At the preliminary hearing, Rigoberto Rojas, another Southside 13 gang member who was present at the crime scene, testified that he was one of approximately 15 gang members who went to the beach that night, arriving by car and truck. He testified that defendant went to the restroom, came back bleeding and said that he had been "jumped by two guys." After that, one of the gang members said, "Fuck it. Let's go get him." At that point, all the gang members went to the restroom area "looking for them," the victims. Defendant and the gang members with him drove around a bit until they noticed Billy's truck with the two girls inside. They decided to "trash" it because they could not see the two guys who had been in the confrontation with defendant. Subsequently, they saw the "two guys," described as a "skinny guy" (Billy) and a "fat guy" (Jason), as those two were coming back up from the beach. The gang members jumped the two, whereupon, according to Rojas, the "skinny guy" hit defendant with a metal pipe, knocking him unconscious. Zonia, however, testified that Billy never had a pipe or anything else in his hand. Billy then fled in the truck with the two girls. At that point, the gang members turned their attention to the "fat guy" and began beating him. Codefendant Santamaria picked up a metal pole (three feet long, three inches wide) which, according to Rojas, had been left by Billy, and with assistance from another younger gang member, hit Jason over the head with it, knocking him unconscious.
Another gang member, Jose Alvarez, also testified at the preliminary hearing. He stated that he had been the one who wrestled the truck keys away from Irene. He also saw defendant being struck with "a stick," rendering defendant unconscious. Alvarez also testified, as had Rojas, that the gang's intention was to beat up Jason and Billy.
(2a) The evidence is sufficient to support the charges in the information which was set aside. (3) Where "[n]othing in [the magistrate's comments] can be interpreted as a factual finding . . .," but at best merely indicate "the magistrate formed the ultimate, legal conclusion that the evidence was insufficient to show probable cause . . ." ( People v. Superior Court ( Day) (1985) 174 Cal.App.3d 1008, 1017 [ 220 Cal.Rptr. 330]), "the ultimate question [on refiling a charge in the information] is whether the . . . charge finds evidentiary support in the record." ( Id. at p. 1020.) To support a felony information, there need be only "some rational ground for assuming the possibility that an offense has been committed and the accused is guilty of it" ( Dudley v. Superior Court (1974) 36 Cal.App.3d 977, 983 [ 111 Cal.Rptr. 797]), and an information will not be set aside or a prosecution prohibited thereon if this standard is met. ( People v. Slaughter (1984) 35 Cal.3d 629, 641 [ 200 Cal.Rptr. 448, 677 P.2d 854].)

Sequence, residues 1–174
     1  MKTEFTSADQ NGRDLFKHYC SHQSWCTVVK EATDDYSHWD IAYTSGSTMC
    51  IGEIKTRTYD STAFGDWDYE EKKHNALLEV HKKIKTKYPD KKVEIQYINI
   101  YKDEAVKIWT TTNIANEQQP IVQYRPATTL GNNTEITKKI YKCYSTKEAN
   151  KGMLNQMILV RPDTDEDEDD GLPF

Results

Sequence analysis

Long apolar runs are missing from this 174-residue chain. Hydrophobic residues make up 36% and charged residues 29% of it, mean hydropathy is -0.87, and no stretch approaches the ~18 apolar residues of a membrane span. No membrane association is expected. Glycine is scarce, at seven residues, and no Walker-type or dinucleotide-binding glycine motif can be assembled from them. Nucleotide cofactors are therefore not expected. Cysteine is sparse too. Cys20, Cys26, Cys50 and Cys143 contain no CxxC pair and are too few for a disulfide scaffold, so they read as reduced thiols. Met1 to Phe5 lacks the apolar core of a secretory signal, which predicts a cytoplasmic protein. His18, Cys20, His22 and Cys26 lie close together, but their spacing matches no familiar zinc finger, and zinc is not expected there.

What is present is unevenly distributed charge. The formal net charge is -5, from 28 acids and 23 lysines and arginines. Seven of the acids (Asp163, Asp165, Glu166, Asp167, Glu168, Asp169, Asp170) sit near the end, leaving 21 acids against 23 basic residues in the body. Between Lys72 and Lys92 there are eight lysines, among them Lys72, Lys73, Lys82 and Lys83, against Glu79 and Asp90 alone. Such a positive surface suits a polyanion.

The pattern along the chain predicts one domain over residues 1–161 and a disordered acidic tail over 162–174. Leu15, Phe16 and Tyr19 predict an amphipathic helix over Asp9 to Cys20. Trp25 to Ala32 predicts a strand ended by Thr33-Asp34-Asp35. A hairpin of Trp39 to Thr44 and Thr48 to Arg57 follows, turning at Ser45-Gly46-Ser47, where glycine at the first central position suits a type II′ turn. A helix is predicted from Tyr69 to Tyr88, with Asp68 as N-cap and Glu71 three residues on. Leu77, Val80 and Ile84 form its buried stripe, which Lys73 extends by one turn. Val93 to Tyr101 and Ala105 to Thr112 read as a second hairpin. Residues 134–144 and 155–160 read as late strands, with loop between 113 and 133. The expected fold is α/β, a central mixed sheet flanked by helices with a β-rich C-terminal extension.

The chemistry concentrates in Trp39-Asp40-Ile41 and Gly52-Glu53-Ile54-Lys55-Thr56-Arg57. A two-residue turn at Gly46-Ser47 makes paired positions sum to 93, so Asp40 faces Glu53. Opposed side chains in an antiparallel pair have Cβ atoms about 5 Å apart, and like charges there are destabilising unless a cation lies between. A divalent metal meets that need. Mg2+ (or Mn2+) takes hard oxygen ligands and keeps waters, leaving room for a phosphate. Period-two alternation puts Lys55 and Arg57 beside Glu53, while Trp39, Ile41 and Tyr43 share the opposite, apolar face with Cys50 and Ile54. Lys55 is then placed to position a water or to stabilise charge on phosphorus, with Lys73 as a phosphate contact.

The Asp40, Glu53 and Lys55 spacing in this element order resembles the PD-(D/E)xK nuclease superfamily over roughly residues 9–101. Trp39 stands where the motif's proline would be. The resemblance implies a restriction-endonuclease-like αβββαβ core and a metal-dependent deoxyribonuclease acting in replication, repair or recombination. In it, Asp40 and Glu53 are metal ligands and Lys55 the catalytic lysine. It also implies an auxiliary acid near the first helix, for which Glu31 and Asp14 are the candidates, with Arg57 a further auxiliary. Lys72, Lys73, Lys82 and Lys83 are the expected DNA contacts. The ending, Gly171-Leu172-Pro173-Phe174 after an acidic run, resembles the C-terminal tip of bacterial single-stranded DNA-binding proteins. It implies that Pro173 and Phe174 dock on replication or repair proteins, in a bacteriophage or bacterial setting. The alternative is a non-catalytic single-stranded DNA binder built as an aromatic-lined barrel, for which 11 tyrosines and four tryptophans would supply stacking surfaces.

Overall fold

(2b) Here, the preliminary hearing magistrate made no adverse factual finding but expressly stated that he was holding the evidence as to the conspiracy charged in count 2 and as to defendant's involvement in counts 1, 3, 4, and 5 to be insufficient as a matter of law. (4) A conspiracy is shown by evidence of an agreement between two or more persons with the specific intent to agree to commit a public offense and with the further specific intent to commit such offense, which agreement is followed by an overt act committed by one or more of the parties for the purpose of furthering the object of the agreement. (1 Witkin Epstein, Cal. Criminal Law (2d ed. 1988) § 156, p. 173.) The agreement or the unlawful design of conspiracy may be proved by circumstantial evidence without the necessity of showing that the conspirators met and actually agreed to commit the offense which was the object of the conspiracy. ( People v. Zamora (1976) 18 Cal.3d 538, 559 [ 134 Cal.Rptr. 784, 557 P.2d 75].)